A niche is the particular biological role of an organism in a community It is a pattern of living Competition is the struggle of two organisms to use the same resource Interspecific competition occurs between individuals of different species Intraspecific competition occurs between individuals of a single species

17 Instead, they occupy their realized (actual) niche
Because of competition, organisms may not be able to occupy their fundamental (theoretical) niche Instead, they occupy their realized (actual) niche Fig Competition among two species of barnacles limits niche use

18 Competitive Exclusion
In the 1930s, G.F. Gause studied interspecific competition among three species of Paramecium P. aurelia; P. caudatum; P. bursaria All three grew well alone in culture tubes Fig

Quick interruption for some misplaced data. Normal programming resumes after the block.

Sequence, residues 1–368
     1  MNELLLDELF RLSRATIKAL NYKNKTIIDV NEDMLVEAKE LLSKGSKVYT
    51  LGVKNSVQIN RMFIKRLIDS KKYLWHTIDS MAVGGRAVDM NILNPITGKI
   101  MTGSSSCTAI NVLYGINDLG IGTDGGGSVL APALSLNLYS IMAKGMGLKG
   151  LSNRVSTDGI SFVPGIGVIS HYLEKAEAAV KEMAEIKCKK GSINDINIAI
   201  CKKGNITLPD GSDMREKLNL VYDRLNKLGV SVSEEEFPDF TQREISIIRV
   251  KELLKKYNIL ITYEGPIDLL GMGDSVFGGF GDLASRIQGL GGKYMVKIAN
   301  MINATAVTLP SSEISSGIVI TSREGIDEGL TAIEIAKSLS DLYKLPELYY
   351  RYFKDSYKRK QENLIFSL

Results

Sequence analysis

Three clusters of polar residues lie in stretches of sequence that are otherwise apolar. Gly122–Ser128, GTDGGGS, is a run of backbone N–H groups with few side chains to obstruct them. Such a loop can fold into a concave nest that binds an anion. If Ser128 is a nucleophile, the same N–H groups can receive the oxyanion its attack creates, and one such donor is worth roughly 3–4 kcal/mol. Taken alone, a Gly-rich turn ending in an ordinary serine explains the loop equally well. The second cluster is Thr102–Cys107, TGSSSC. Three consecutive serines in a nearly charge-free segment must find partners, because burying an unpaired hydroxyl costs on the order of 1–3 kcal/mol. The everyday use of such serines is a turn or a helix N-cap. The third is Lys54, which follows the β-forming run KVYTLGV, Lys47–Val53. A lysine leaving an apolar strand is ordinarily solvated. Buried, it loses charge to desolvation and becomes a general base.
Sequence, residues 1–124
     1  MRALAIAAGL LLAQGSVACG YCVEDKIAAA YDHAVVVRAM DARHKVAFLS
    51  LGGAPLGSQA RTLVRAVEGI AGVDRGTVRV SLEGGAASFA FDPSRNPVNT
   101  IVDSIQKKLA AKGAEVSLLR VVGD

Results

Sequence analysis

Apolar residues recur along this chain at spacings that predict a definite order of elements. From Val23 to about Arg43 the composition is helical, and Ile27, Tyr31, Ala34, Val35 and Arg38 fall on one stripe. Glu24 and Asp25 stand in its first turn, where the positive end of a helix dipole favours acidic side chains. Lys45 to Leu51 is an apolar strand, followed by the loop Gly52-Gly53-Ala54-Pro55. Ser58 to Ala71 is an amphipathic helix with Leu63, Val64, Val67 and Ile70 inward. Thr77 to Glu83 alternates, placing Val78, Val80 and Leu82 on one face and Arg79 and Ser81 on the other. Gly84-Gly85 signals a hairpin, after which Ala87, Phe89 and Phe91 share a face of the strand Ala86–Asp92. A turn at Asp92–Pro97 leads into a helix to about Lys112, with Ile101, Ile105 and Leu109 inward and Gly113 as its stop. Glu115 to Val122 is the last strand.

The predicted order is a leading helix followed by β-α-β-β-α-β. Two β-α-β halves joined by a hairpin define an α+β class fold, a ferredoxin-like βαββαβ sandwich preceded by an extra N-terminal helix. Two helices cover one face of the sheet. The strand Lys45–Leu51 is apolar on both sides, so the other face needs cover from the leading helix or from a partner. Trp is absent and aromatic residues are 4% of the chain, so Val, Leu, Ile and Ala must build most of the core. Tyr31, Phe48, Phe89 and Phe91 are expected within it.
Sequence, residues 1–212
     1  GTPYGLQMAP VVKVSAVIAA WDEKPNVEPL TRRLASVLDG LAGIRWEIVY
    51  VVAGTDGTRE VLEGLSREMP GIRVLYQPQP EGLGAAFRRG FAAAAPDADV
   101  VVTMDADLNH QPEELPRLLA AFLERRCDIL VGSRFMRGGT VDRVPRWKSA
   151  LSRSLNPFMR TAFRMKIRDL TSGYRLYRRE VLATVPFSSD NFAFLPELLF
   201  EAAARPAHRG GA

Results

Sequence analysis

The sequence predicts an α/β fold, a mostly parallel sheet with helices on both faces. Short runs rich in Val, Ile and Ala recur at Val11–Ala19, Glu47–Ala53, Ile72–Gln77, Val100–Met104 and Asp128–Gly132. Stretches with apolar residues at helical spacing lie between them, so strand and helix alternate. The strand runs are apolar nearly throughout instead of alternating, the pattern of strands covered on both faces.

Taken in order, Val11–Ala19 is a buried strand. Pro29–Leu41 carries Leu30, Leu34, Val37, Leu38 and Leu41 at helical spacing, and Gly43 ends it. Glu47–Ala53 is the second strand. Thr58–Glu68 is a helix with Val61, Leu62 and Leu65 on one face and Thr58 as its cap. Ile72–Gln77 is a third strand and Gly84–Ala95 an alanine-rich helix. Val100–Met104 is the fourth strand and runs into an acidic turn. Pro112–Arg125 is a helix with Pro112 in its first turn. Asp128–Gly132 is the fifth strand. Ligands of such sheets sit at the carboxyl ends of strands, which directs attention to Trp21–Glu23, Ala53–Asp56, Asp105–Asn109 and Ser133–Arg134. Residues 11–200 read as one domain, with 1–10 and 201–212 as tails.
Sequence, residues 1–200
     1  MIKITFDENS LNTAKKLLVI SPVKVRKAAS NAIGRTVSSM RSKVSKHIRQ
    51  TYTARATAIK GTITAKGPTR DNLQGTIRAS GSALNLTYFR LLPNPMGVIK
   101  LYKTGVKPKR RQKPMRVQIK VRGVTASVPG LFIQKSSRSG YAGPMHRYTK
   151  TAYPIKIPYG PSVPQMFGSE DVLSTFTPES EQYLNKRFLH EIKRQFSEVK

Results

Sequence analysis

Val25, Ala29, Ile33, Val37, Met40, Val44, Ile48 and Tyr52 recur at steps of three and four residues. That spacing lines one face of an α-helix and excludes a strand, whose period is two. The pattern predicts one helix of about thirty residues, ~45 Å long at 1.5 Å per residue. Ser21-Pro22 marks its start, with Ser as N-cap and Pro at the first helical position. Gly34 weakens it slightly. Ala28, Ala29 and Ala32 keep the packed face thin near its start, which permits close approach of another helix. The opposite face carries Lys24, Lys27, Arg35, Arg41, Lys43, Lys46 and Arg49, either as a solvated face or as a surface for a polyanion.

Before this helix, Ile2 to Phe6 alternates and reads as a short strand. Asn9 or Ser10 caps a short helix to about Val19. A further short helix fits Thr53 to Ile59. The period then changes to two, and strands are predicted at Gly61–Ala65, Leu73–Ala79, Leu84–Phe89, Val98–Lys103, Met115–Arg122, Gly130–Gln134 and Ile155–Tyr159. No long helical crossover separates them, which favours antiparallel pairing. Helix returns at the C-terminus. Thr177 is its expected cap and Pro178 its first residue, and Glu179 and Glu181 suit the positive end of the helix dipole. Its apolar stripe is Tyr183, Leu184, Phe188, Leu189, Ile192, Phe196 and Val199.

19 However, P. caudatum declined to extinction when grown with P. aurelia
Fig However, P. caudatum declined to extinction when grown with P. aurelia The two shared the same realized niche and the latter was better! Gause formulated the principle of competitive exclusion No two species with the same niche can coexist But is one competitor always eliminated? No, as we shall soon see!

20 P. caudatum and P. bursaria were able to coexist
Fig P. caudatum and P. bursaria were able to coexist The two have different realized niches and thus avoid competition Gause’s principle of competitive exclusion can be restated No two species can occupy the same niche indefinitely When niches overlap, two outcomes are possible Competitive exclusion or resource partitioning

21 Resource Partitioning